All posts filed under: Reviews

The Tashkent Files

Do you know: Who founded the National Dairy Development Board that started Operation Flood? This move made India not only self-sufficient in milk production but also the largest producer of milk in the world, thereby leading to socio-economic development of the rural public. Who started the green revolution to make our nation self-reliant in food production? Who raised the morale of the armed forces after the debacle against China in 1962? Who shared a birthday with Mahatma Gandhi? Who gave us the slogan “Jai Jawan! Jai Kisan!”? Shri Lal Bahadur Shastri The second Prime Minister of India, Lal Bahadur Shastri was a simple person and a dedicated leader. His tenure as Prime Minister was from 9th June 1964 until his death on 11th January 1966, which is barely 19 months. Shastri was a short man but as they say “good things come in small packages” In the short duration of his stint Shastri ji achieved many things that are having a lasting impact on the development of our nation. A simpleton by nature and lifestyle …

Flight Of Deities: A Tale Of Dharmic Resistance

प्रतिष्ठायां सुराणां तु देवतार्चानुकीर्तनं | देवयज्ञोत्सवं चापि बन्धनाद्येन मुच्यते || One must know the true nature and power of divine murthys while consecrating them; By worshipping such images through utsavas and yajnas, one obtains liberation from this world – Matsya Purana Meenakshi Jain’s latest book “Flight of Deities and Rebirth of Temples, Episodes from Indian History” is an extraordinary narration of an unfortunate part of Hindu history. It documents the struggle and, in some cases, survival of Bharata’s splendid temples and their revered deities. It is the product of a painstaking effort on the part of the author to gather information from primary sources and observation of the remnants of the heroic struggle of the Hindu community to protect their temples and murthys in the wake of centuries of attacks by Islamic invaders and other non-dharmic civilizations. By covering every part of the country, the author highlights how the problem of iconoclasm affected every nook and corner of this great civilization and brings forth an interesting truth about how a common zeal and belief bound …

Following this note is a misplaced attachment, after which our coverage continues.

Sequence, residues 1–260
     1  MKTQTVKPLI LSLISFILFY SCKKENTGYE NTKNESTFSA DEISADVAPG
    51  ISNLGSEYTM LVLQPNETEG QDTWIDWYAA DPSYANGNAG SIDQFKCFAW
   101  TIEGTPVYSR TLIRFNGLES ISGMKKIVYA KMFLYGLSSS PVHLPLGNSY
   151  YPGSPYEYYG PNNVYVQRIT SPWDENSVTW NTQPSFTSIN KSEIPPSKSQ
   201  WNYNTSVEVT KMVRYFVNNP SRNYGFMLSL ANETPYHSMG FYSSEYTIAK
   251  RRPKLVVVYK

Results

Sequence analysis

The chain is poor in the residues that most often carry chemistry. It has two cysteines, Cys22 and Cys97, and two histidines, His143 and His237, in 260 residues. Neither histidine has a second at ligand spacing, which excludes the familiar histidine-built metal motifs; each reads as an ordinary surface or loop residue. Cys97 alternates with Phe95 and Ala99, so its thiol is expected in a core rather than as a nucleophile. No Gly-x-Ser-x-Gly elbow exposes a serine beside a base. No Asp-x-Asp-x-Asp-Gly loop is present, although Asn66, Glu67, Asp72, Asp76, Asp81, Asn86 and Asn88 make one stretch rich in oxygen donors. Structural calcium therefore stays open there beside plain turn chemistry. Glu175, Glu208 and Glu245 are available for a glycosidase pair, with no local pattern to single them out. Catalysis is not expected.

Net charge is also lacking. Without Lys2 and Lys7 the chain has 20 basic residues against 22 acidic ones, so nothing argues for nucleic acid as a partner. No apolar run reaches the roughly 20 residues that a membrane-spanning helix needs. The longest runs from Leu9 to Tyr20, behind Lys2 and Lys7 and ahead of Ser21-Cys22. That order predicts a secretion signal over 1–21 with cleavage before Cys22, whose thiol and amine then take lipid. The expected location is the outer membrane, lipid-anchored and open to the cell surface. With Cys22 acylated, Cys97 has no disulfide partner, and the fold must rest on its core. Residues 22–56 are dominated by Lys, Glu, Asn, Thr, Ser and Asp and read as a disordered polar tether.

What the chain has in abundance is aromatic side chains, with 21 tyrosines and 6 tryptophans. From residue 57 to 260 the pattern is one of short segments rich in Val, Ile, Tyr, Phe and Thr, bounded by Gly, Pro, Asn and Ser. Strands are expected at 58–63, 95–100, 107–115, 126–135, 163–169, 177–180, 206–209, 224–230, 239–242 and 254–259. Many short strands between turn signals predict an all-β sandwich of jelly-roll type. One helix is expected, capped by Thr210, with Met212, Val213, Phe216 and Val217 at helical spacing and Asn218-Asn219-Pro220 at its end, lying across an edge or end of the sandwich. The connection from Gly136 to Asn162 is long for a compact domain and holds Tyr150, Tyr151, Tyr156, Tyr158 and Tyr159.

Book Review – Draupadi by Sai Swaroopa Iyer

“Guru Patni must be having the same grief as mine; I do not want her to suffer the way I have suffered. Release Him.” With these words, the queen ( Sai garu, I should say Samragni right) releases the man who murdered her sons. Yes, it the mother Draupadi who thought of the grief of another mother when her kids were killed in cold blood. Perhaps, the most complex and the most intriguing person of Mahabharatha is Empress Draupadi. The lady who was brought up with a dream of being the darling wife of the best Archer of the world had to be the wife of 5 brothers. The lady who did the Abhibrudha snana and got her hair tied while Veda mantras were being recited after the RajaSuya Yagna, was dragged by the same hair into a royal court and an attempt was made to disrobe her. That lady who had thousands of servants at her disposal had been a hairdresser during the agnata vasa. That lady who could have made a maid a queen …

Book review – Supreme Whispers: Conversations with Judges of the Supreme Court of India (1980-89)